The Barry Rosensteel Japanese Print Collection consists of 126 woodblock prints that date from the eighteenth to early twentieth centuries. The work of over forty artists is represented in the collection; a list of all is shown to the right.
The images portray Japanese culture through detailed depictions of portraits, landscapes, wildlife and theatrical performances, taking into account some of Japan’s rich history. A small quantity of prints depicting Chinese scenes is also part of the collection.
Images range in size from that of a small greeting card to poster size. The smallest measures 4 x 6 inches and the largest 9 x 30 inches. The accompanying descriptive text includes the Japanese term for the approximate paper size: Aiban tate-e, Aoban tate-e, Chuban tate-e, Chu-tanzaku, Dai-oban tate-e, Hashira-e, Hosoban, Kakemono-e, Koban, Koban Tate-e, Oban tate-e, and Oban yoko-e.
The work of over forty artists is represented in the collection. The earliest print, dating to 1760, is by Kitao Shigemasa (1739-1820) and depicts a carp leaping a waterfall. The works of several artists of the Utagawa school are found in the collection. While there is a broad representation of artists, it is interesting to note the significant number of pieces by a select few.
For example, there are fifteen works by Utagawa Toyokuni (1769-1825), whose unconventional portraits of kabuki actors resulted in enormous success. One of his most influential pupils was Utagawa Kunisada (1786-1864), well known for his portraits of kabuki actors, many of which can be found amongst his sixteen prints in the collection.
Paul Jacoulet (1902-1960), while born in Paris, spent most of his life in Japan where his family moved in 1906. While he did not produce his first woodblock print until 1934, his total body of work is thought to number around thirty thousand pieces. However, less than two hundred are known to exist. The Rosensteel collection includes 12. The earliest of that group, from 1935, of a young Fiji girl is representative of his portraits of indigenous people of the South Sea.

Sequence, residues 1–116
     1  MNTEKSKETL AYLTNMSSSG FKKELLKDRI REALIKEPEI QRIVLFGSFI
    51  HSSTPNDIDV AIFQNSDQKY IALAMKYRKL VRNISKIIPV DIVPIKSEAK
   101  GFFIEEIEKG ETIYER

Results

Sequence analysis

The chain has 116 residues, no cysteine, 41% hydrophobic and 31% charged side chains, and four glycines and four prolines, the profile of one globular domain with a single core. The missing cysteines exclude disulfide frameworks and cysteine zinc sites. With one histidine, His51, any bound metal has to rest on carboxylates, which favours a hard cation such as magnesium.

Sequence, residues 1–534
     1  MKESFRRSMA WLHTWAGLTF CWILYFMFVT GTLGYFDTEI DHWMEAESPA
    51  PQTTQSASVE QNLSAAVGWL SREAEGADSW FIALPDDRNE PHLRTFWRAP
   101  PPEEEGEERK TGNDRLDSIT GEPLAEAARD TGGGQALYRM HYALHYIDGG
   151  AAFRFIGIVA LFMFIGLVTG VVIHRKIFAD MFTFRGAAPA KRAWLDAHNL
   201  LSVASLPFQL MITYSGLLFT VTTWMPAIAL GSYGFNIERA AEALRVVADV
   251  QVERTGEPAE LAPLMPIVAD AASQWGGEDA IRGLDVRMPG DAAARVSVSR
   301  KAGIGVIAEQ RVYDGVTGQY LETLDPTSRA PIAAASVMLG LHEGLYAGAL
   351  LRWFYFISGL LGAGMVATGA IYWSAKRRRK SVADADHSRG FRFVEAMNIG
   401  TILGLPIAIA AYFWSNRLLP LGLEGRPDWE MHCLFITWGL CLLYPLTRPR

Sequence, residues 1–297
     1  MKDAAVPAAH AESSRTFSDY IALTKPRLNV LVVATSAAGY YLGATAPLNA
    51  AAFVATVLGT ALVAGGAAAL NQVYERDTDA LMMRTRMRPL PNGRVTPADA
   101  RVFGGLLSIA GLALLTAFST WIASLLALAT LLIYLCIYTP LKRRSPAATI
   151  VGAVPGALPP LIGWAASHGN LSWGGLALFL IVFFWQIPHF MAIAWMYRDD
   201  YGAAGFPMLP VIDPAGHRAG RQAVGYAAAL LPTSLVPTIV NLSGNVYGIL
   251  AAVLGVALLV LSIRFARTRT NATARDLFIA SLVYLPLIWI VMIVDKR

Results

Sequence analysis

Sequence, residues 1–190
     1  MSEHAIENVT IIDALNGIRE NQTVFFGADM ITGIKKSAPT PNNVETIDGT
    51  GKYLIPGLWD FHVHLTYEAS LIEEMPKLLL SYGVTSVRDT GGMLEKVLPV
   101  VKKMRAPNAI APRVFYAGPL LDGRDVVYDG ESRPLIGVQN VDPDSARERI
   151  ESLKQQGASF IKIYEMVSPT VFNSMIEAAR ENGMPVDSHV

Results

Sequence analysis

The prints were produced with high-quality paper. Vegetative color pigments, and, in some cases, ground precious metals, were used as part of the creative process. Each of the prints has been housed in an archival-quality folder and individually identified.
A modest number of folders are housed within each box to further ensure safe handling when the prints are used for scholarly research or when being reviewed for exhibit purposes. Indeed, some of the prints have been selected for public viewings in galleries and museums.
The descriptive information for the online collection includes notes on series, publisher, provenance, and if the print was signed by the artist. Where this information is known it is displayed. When an item is comprised of two or more plates, each plate was scanned separately; this is indicated with the designations of the plate number followed by an a, b, c, etc.
The Rosensteel Collection is located in the Special Collections Department of the University Library System, where all of the original prints are available for research and scholarly study. It complements the holdings of the East Asian Library, a collection of over 400,000 volumes, which makes it the 14th largest East Asian collection in North America. It also complements the Walter and Martha Leuba Collection, which contains several twentieth century Japanese woodblock prints.